Economist and author Paul Ormerod reviews European Spring in City AM.
In the Financial Times‘ Summer Reading list of best books of 2014 so far, Martin Wolf calls European Spring:
A splendid book on the European malaise. Legrain argues compellingly that policy makers’ response to that crisis was and remains a disaster. He warns that the eurozone is still far from healthy and that the German example, which members are supposed to follow, is a delusion. He notes, too, that the UK’s recovery is built on sand. He goes well beyond this to show that radical reforms are needed to produce an “adaptable, dynamic and decent” Europe.
I was interviewed by Sophie Roell of fivebooks.com about Europe and in particular five excellent books on Europe
The euro was supposed to facilitate economic convergence between the countries using it and foster the development of a stronger ‘European’ identity. Philippe Legrain argues that the reverse is now happening. European policy-makers are mostly to blame, because of their attempt to create a Germanic and technocratic eurozone. They have damaged the currency union by failing to address the root causes of the crisis. And by further constraining governments’ scope to respond to democratic pressures, they have eroded the legitimacy of both national and EU institutions. The eurozone needs to change direction. So long as a fiscally federal eurozone remains out of reach, governments should work towards a flexible one comprising a genuine banking union, a reformed ECB and greater fiscal flexibility for governments.
“Se suponía que el euro serviría para facilitar la convergencia entre países; durante años eso fue, a grandes rasgos, lo que sucedió. Hasta que llegó la crisis y Bruselas, de la mano de algunas capitales, impuso una serie de políticas que han acelerado el proceso contrario”, indica Philippe Legrain, exasesor del presidente de la Comisión Europea, José Manuel Barroso.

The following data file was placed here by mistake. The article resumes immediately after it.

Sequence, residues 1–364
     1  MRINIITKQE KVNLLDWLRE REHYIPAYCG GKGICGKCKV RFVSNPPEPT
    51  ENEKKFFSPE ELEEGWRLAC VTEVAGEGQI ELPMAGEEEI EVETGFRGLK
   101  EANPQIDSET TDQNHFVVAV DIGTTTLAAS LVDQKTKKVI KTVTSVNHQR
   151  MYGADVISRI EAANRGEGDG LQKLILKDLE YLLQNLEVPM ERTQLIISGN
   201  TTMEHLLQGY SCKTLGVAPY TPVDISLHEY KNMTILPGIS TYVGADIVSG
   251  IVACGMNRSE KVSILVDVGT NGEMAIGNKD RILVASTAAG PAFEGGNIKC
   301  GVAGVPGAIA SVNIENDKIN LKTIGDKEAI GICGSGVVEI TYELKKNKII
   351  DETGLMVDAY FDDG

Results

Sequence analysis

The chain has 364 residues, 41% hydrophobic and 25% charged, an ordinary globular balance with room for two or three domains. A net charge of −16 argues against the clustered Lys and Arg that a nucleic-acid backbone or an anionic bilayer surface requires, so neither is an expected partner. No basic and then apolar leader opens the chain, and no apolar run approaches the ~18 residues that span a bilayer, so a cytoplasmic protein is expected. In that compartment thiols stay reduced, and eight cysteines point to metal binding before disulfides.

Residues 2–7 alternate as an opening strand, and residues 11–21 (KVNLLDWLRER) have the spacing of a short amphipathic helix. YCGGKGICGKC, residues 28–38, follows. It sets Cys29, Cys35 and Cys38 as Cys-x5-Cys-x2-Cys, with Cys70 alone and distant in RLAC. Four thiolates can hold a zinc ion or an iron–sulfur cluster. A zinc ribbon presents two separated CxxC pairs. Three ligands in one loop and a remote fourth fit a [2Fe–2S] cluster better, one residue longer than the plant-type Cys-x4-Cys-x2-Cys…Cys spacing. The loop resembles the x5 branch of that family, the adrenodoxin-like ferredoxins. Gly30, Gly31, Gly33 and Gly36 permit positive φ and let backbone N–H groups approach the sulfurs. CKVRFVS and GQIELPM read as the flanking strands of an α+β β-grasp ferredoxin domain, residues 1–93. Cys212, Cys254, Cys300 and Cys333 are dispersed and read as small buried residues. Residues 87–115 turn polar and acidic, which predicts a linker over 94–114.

“Los políticos europeos llevan meses declarando victoria porque asoma algo de crecimiento después de que con sus recetas causaran innecesariamente una profunda recesión. Pero los españoles son comparativamente más pobres debido a una respuesta a la crisis errónea e injusta”, dice el autor del sugerente Primavera Europea.
Read my article on the wider context of the EU elections for Quartz on 26 May 2014
In his review of European Spring in the Financial Times, Ferdinando Giugliano writes:
His book is a well-informed and blistering critique of errors made by European policy makers since Greece revealed the extent of its fiscal woes in 2009-10. It is essential reading for those who wonder how an economic powerhouse managed to stumble into a sovereign debt crisis that ended up threatening its very existence.
The EU has just had 28 national elections rather than one European one. Even so, some trends stand out:
1. Most people didn’t bother to vote.
Even with the enhanced powers granted to the European Parliament by the Lisbon Treaty, the novelty of candidates campaigning to be European Commission president and a chance to cast a verdict on the disastrous policy response to the worst crisis since the 1930s, only 43% of Europeans bothered to vote. Ludicrously, EU insiders celebrated that as a success!
Excluding countries where voting is compulsory, the only countries where a majority of people voted are Ireland (where turnout fell from 58.6% to 51.6%), Italy (where it fell from 65% to 60%) and Malta.
2. Support for incumbent parties collapsed in crisis-hit countries.
Except in Germany, which has scarcely suffered from the crisis, and Italy, where Matteo Renzi’s government is only months old, incumbents got whacked.
In Britain, the Conservative Liberal Democrat coalition fell from 40.4% (27% +13.4%) to 30.8% (23.9% + 6.9%)